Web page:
We can see this phenomenon rather clearly in Donald Trump and his enablers.

Do all wealthy people wear these ethical blinders? Absolutely not. But these days, far too many do–and the mounting resentment they engender may well result in a blowback that will not discriminate between the good guys and the Trumpists.

 

22 thoughts on “Culture Of Entitlement

  1. driving truck,i refer the ,well ill be off a little,but as awhole,the BMW class. ever have one just pull in front of your moving semi without regard,for distance,then have em look up in thier mirror and slam on their brakes because you tooo close to their precious ass. mmmm,they get close,and then deliberately try to cause a accident? o.k. were not saints either. but as the speed limits increase,and im sure by their needs for time,and class need for their return cost of driving that BMW to haul ass,and dont look back. passing when its really stupid,where theres no chance for me to even get out of the way,but as the law states,you stay between the lines and kiss their ass goodby! damn i hate paperwork. being i drive up north with a A train,two trailers,and a big horse truck,i run the interstate alot in the left lane. legal here in NoDak, we dont have slower traffic stay right signs either. its the law,as long as you dont block the left lane,driving alongside another vehicle. Poor BMW class cant take the issue,the will tailgate me where i cant see em.. and thier frontend gets pulverised by small rocks,and hopefully a big enough one to cost a windshield.arragant,assholes,and deliberate get out of my £{€~^~€|€| way!! its almost fun to watch them pass me,all 95 feet of me,on my left,when im changing lanes,but still in the lane i was in.ya know those trailers tend to whip from side to side as they climb up and over inbedded wheel tracks in the highway pavement,(wind is also a factor)and of course i have full control over this physically distorted highway,so,its fun to see em pass me when the trailers whip back alongside them at em,at 75mph,and they are within a few feet of being treated like a hockey puck..wakes thier stupid ass right up,along with a highway patrol i just called,about a drunk driver passing me in such a way. p.s. this is almost everyday,money will also get you killed. p.s. stay outta texas to seems the trump clan rich or poor drive like this….with a gun on thier seat..i have seen this many times,,…..best wishes.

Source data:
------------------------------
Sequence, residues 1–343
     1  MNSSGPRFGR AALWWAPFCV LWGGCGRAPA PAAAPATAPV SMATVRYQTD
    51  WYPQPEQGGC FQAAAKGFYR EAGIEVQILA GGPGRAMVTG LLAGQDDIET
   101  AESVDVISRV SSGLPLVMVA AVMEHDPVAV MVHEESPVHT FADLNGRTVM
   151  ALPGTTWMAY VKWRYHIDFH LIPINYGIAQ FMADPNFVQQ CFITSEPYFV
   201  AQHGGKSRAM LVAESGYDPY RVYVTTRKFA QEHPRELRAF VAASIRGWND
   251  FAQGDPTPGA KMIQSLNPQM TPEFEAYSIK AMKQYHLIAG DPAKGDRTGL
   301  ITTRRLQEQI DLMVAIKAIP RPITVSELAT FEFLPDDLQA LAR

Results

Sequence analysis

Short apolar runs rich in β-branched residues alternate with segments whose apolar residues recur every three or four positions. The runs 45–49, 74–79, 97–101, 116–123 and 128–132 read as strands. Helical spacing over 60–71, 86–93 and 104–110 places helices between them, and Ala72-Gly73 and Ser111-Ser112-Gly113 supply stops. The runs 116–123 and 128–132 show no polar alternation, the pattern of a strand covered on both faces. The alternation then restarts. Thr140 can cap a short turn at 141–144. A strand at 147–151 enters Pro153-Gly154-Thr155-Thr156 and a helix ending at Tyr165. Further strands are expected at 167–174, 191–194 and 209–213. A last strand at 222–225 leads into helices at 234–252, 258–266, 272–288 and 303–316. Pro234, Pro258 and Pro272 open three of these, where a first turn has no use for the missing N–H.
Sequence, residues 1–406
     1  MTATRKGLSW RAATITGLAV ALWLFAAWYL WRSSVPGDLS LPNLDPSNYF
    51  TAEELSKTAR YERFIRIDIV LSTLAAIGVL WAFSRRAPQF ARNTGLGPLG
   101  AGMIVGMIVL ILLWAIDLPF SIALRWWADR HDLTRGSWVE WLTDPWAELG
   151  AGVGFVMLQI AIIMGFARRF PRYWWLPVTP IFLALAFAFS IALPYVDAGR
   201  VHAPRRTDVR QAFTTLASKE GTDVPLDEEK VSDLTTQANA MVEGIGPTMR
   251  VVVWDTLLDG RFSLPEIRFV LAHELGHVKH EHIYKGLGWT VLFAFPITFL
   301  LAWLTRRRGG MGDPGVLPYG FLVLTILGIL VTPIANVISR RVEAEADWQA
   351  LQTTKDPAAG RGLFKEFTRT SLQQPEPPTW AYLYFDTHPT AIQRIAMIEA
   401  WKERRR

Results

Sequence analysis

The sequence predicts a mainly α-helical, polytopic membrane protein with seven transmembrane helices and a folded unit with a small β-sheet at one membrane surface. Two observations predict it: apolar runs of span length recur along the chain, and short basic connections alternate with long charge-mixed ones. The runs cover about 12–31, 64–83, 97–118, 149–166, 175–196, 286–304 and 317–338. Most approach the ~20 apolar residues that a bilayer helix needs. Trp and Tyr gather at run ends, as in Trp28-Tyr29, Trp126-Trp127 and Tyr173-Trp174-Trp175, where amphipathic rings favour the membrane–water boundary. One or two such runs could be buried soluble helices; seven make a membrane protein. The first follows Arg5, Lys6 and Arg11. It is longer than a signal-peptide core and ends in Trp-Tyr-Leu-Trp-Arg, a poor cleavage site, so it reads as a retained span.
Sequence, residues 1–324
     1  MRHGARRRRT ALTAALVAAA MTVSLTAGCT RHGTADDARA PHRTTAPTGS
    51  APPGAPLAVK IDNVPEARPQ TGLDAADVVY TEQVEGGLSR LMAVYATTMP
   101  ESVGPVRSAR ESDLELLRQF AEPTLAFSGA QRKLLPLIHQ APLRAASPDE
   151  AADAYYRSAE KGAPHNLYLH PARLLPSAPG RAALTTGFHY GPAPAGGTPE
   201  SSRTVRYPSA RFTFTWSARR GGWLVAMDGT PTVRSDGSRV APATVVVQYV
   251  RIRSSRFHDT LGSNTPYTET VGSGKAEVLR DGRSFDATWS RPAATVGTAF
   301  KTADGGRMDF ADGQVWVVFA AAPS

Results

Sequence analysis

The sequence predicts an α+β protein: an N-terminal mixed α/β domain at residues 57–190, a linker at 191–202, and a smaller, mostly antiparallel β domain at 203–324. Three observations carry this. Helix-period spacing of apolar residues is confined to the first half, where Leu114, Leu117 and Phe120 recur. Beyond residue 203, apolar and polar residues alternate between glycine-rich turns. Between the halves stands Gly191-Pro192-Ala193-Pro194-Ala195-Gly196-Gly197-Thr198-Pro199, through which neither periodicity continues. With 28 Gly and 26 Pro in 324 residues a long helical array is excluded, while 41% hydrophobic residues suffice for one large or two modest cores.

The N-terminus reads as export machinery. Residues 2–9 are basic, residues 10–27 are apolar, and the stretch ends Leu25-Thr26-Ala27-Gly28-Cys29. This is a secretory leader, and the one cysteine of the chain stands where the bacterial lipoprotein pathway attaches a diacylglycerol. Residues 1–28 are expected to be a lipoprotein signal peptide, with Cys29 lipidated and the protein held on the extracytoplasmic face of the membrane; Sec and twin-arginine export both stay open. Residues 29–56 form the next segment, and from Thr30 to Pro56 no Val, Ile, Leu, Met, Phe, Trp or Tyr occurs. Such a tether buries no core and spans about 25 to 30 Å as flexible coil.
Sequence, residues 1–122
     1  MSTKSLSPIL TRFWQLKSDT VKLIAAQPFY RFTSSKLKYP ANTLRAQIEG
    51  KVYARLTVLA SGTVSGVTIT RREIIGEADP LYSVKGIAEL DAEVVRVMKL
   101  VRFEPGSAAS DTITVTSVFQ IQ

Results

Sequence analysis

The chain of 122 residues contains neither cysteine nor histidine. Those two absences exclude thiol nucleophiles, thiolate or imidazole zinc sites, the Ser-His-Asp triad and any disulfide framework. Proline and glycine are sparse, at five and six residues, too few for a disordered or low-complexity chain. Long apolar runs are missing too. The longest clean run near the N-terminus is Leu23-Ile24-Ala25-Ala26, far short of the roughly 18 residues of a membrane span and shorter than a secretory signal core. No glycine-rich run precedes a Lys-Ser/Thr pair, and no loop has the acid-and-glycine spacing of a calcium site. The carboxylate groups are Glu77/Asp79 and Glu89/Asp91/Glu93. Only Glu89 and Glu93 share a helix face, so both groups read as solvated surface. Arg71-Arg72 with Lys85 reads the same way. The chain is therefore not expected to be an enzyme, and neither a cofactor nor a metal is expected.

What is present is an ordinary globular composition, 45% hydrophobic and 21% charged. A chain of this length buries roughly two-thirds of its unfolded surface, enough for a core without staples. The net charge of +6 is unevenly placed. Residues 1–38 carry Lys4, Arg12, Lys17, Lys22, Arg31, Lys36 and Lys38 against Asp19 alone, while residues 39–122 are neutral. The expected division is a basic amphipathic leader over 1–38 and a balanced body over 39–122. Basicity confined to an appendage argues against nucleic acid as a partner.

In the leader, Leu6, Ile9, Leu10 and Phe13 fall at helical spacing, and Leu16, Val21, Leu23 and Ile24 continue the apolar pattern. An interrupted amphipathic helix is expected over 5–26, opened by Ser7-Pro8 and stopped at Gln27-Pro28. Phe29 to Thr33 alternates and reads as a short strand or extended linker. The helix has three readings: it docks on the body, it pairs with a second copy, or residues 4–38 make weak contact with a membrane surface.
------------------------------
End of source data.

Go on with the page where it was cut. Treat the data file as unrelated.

2. That blow back has been underway since 2016 when Sanders nearly won the Democrat nomination for president. Now he and Warren sing from the same songbook and push their rivals to support a socialist agenda. It is that socialist agenda that drives the rich crazy and deeper into their lies, corruption, and greed thus feeding a yet stronger blow back from those who also worked hard all of their lives but got little for the effort.
    Besides this economic blow back there has been a social blow back as well resulting in the fragmentation of families, divisions in religious circles, and an ongoing self isolation of the rich into exclusive neighborhoods and communities thus strengthening their bubble and ghettoizing the poor.
    It is all the perfect recipe for revolution.

  3. I have also witnessed racism and anti-LGBTQ behavior from those who believe the amount of money they possess or are worth separates them from all others. They are also known to grasp each dollar tightly in their clenched fists even when it come to helping family members on a temporary basis. Two years ago I sat at the bride’s family table at my granddaughter’s wedding reception; we were among 400 guests and we were ignored the entire afternoon by the wealthy, Catholic, Republican groom’s family and all attendees. Still no idea if it was a convention of Republicans, Catholics, Indiana University graduates or the American Dental Association (groom’s father a retired dentist) but it was not celebrating the wedding couple. The groom had been shocked to learn a few months earlier that his intended bride’s family included biracial and lesbian and gay members; our low to middle-income status was obvious. The reception ended a little early when one drunken male guest repeatedly danced with the wife of the best man who asked him to leave her alone. It became a physical altercation when the best man punched the offensive guest, knocking his head against the wall resulting in a serious head injury, much blood and unconsciousness with police and ambulance called. Shocking behavior for those of the upper crust! We of the bride’s family, learned of this later, we left early and no one noticed.